Local governments talk preliminary traffic study results, child care

Seven interested parties attended a recent meeting for those interested in starting a child care business.

Stock image of child care.
Stock image of child care.
Stock image by BBC Creative on Unsplash
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WORTHINGTON — Though they aren’t final, the preliminary results of the Crailsheim Road traffic study are in, and it looks like the Minnesota Department of Transportation plans no changes for the corridor.

In 2012, the MPCA issued a notice of violation for “discharges of inadequately treated sewage to the waters of the state from the unincorporated community of Reading.”
No decisions were made, nor votes taken on the matter, as Tuesday’s meeting was a work session only.
“We’ve been really fortunate as far as equipment goes. Things break when it gets cold. The guys have been really good about being careful.”

“The traffic study got a lot of attention,” said Nobles County Administrator Bruce Heitkamp Friday, during a meeting of representatives from the City of Worthington, Nobles County, District 518 and Minnesota West Community and Technical College. “It went all the way to the top.”

An earlier traffic study had been requested due to the concerns of multiple community organizations about pedestrian safety, given the schools situated along the corridor and the speed of vehicles going through its intersection with Oxford Street, dubbed “Armageddon Corner.” In addition, a child was struck by a vehicle in May 2022.

However, that earlier study ultimately resulted in MnDOT’s recommendation to increase the speed limit on a different part of Crailsheim Road — and leave the school-adjacent portion of the road as it was.

A new traffic study was requested and the local governments asked MnDOT to reconsider its findings.


Nobles County Engineer Aaron Holmbeck was unable to attend Friday’s meeting, but Heitkamp said he’d hoped for more speed control south of the Intermediate School, particularly for those driving north, as the transition of speed there can be abrupt.

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You can help by either dropping off or mailing a check to the Intermediate School.
Unpacking is set for later in the week, with the facility scheduled to open to the public on Feb. 13.

“But all in all he said that the speed limits, as they’re going right now, appear to be working,” Heitkamp said.

District 518 Superintendent John Landgaard said he could understand that, but noted he also sees people driving above the speed limit. Often during school hours there’s a natural slowdown due to traffic, and after the first couple weeks of school, traffic toned down quite a bit.

As additional development continues in the area, Heitkamp said there will be more opportunities to re-examine traffic flow.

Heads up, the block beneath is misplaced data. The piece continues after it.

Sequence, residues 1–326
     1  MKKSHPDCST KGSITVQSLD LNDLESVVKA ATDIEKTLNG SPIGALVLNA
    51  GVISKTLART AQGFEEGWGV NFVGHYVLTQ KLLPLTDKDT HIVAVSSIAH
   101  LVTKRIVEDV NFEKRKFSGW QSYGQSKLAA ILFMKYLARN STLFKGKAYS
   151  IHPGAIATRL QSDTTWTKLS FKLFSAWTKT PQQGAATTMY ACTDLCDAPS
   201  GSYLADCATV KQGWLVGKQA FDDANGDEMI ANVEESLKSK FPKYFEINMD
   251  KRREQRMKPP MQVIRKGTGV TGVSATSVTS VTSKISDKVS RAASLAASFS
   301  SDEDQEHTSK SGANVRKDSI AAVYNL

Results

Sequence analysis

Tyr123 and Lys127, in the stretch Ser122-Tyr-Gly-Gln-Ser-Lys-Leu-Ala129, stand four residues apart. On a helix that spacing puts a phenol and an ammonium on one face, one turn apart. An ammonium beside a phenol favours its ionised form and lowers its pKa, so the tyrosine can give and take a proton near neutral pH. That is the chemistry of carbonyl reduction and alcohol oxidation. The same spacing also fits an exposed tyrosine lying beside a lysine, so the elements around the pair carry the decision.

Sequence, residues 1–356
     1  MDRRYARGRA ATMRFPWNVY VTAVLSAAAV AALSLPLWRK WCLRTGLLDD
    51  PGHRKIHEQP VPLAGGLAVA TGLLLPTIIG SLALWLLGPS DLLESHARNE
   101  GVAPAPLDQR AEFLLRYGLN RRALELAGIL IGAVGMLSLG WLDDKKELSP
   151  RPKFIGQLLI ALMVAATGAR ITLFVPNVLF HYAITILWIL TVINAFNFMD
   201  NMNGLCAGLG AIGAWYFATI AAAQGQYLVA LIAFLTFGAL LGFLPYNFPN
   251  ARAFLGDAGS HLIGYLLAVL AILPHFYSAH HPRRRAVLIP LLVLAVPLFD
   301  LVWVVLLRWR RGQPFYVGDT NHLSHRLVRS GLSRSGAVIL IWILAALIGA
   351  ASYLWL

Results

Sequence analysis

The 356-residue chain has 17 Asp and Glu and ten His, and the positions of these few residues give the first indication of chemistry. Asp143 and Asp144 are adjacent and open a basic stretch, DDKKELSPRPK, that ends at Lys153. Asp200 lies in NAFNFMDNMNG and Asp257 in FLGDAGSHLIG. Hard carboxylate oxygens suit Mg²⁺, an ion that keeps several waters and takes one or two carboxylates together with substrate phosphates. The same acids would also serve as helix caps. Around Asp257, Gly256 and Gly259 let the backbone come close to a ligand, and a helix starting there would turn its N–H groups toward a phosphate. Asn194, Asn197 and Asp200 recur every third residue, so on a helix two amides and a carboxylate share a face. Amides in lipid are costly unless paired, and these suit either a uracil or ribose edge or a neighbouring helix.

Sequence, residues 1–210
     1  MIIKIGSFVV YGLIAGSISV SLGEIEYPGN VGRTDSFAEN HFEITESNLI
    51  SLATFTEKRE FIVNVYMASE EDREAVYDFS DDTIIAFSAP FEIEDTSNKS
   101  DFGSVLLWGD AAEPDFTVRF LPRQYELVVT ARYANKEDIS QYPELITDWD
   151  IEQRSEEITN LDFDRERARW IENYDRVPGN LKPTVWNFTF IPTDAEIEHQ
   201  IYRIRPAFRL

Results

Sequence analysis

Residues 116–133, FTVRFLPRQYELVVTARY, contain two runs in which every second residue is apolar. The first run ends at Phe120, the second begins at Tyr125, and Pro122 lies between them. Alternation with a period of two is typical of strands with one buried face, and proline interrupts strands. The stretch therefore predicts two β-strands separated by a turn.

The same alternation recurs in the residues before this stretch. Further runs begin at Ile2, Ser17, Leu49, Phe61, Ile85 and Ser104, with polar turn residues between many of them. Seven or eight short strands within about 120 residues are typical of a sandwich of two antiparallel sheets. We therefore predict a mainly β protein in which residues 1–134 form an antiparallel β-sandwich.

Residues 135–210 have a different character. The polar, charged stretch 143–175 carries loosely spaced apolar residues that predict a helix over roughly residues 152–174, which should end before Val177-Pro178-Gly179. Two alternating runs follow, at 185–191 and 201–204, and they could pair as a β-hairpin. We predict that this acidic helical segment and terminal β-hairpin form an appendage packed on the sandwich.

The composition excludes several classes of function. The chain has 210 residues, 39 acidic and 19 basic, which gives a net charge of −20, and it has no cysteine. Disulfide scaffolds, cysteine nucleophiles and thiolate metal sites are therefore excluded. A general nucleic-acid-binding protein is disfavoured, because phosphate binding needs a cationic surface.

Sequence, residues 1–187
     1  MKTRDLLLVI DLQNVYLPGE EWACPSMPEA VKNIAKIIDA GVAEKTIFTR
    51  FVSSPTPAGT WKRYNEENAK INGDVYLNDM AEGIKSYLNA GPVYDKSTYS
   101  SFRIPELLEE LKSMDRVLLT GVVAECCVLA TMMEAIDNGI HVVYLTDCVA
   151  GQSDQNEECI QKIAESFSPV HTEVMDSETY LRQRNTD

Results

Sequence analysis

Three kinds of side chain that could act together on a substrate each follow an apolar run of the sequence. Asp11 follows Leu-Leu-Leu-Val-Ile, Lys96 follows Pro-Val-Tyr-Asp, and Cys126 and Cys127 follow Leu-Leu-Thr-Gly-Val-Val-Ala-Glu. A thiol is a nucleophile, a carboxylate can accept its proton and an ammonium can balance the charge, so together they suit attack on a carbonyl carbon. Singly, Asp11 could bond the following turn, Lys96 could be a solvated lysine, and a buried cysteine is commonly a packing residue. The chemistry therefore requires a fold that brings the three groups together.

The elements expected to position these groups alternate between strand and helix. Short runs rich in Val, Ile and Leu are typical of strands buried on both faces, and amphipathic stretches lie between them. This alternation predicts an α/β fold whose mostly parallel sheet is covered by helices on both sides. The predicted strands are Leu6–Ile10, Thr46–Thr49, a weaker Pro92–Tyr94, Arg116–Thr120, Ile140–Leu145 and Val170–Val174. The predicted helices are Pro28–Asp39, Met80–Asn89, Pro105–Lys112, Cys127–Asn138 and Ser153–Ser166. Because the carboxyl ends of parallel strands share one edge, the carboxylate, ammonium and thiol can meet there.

Child care

Heitkamp also updated the group on the county’s efforts to increase the availability and affordability of child care in Nobles County.

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A recent meeting for those interested in starting a child care business saw seven interested parties attend, and city council member Alaina Kolpin said a local church is investigating the possibility of hosting a day care. In addition, the Rushmore school is being investigated as a potential location for a pod system child care facility.

Landgaard said District 518 lost three teachers this year due to lack of day care options for infants, and Kolpin alluded to a general shortage of openings for infants.

City Administrator Steve Robinson said he wanted to know what the funding gaps between operational costs and affordability for clients are, what impact it will have for District 518 to go to all-day pre-K, and what different cultural norms people have regarding putting their children in day care services.


Landgaard said the school is advertising for teachers, and its target will be to have 106 slots for 4-year-olds.

“Which means not every 4-year-old will be in our program,” he added, pointing out that the District 518 students would also still need child care after school, which would likely end around 2 p.m.

In other news, the group discussed:

  • Difficulty recruiting workers, not just for their own organizations but also for southwest Minnesota in general. They talked about the necessity of marketing and potential promotional videos as well as the need to make jobs appealing.
  • Nobles County’s internship program, which can help encourage college students to serve as interns for area businesses.
A 1999 graduate of Jackson County Central and a 2003 graduate of Augsburg College, Kari Lucin started writing for newspapers in Minnesota and North Dakota in 2006. During her time as a reporter, she covered beats including education, watershed, county and agriculture, and frequently wrote about health and science. She has also served as an online content coordinator and an engagement specialist at various Forum Communications properties. She was a marketing assistant at Iowa Lakes Community College in Estherville for two years, where she did design work in addition to writing and social media management.

Lucin is currently a community editor with the Globe of Worthington.

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